Poles and Yankees at the House of Seven Gables
National Park Service
Another neighborhood institution reflected the encounter of Polish immigrants and their children with established Yankee elites and reformers. The House of Seven Gables Settlement Association, established in 1908 by wealthy Salem native Caroline Emmerton, was a part of a national movement in which progressive educators and social reformers established residential programs intended to assist immigrants and help them become good American citizens. The House of Seven Gables had a unique dual mission: to preserve and interpret buildings associated with Salem's colonial history and to integrate new immigrants--who were very largely Polish in the area around the Gables--into the life of the city, the region, and the nation.
The House of Seven Gables was an important meeting ground for Yankee and Polish culture in Salem's waterfront neighborhood. The settlement house offered English and citizenship classes, after-school programs in woodworking (for the boys) and domestic arts (for the girls), and sports facilities. Dance classes and Friday night dances were a particular highlight in the memories of those who grew up in Polish Salem. Clubs, theatrical projects, ethnic festivals, and musical groups also thrived; the Polish Women's Club, based at the Gables, was an important center for socializing and sharing among Polish women in the city. The Gables also provided employment for people from the neighborhood, including summer employment for Polish youth who worked at the historic site. Ed Luzinski, who served as the Gables' caretaker for over 30 years, recalled that his grandfather, aunt, wife, and all of his children worked at the institution in different eras.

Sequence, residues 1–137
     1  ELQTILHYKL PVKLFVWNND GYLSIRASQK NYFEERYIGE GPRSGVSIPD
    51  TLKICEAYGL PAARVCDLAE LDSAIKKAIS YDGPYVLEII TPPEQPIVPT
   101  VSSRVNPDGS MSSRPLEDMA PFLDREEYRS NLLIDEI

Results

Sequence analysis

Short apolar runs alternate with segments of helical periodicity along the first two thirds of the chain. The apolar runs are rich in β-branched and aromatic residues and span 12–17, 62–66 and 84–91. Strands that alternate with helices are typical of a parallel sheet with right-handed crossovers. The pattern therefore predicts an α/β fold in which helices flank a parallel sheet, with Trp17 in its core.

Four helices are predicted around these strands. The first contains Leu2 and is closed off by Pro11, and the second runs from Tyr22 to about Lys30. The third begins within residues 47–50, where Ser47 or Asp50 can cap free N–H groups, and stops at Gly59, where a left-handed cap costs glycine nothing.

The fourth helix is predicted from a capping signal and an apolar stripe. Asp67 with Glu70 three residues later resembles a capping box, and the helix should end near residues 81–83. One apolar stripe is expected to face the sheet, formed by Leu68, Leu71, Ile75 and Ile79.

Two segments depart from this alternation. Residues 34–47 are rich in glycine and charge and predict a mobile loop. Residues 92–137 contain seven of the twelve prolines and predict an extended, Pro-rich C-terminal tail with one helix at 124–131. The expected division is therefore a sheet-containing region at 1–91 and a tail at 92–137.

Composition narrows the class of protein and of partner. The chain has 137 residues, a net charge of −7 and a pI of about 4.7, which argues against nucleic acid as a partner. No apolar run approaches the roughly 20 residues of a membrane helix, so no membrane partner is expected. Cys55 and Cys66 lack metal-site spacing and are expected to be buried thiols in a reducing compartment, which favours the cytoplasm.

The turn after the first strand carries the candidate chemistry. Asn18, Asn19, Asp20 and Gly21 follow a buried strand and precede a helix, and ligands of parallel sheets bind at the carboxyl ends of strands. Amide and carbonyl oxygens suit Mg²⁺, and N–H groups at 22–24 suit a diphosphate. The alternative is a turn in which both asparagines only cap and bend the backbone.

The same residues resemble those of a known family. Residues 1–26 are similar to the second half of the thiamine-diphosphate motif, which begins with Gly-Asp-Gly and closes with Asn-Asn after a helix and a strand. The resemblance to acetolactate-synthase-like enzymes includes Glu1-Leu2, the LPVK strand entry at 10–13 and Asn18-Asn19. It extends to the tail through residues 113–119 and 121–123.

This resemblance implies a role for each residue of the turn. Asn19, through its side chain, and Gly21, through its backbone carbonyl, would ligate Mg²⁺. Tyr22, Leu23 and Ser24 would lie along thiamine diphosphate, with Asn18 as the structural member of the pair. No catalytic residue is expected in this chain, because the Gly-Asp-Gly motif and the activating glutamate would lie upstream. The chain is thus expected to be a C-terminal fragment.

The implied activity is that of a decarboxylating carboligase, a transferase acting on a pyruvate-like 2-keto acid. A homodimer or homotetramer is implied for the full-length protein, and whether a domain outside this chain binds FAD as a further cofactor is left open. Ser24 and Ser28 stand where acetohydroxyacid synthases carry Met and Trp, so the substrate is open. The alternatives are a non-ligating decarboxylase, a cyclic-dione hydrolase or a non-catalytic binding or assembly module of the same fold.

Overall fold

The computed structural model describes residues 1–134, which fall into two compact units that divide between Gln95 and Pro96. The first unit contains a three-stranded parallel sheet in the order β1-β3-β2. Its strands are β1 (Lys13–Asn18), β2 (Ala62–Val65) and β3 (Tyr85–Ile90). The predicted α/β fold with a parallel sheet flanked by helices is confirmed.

Like other settlement houses, the House of Seven Gables promoted a particular set of values and visions about American political and civic culture. But Poles were equal partners in shaping their own processes of adaptation and Americanization, and it appears that their strategies and goals were compatible in many ways with the settlement house approach. Wanda Walczak and Hedwiga Kohn, for example, were among the many Poles who were an integral part of the House of Seven Gables. At times, there seems to have been some friction between the reformers and the immigrants' own efforts to establish themselves in Salem--for example, when the formation of the Women's Polish American Citizens Club was seen as a potential challenge to the Gables' citizenship project. By and large, though, Poles and Yankees shared many amicable decades at Caroline Emmerton's colonial compound at the foot of Turner Street.
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For further information on this topic, see these pages from In the Heart of Polish Salem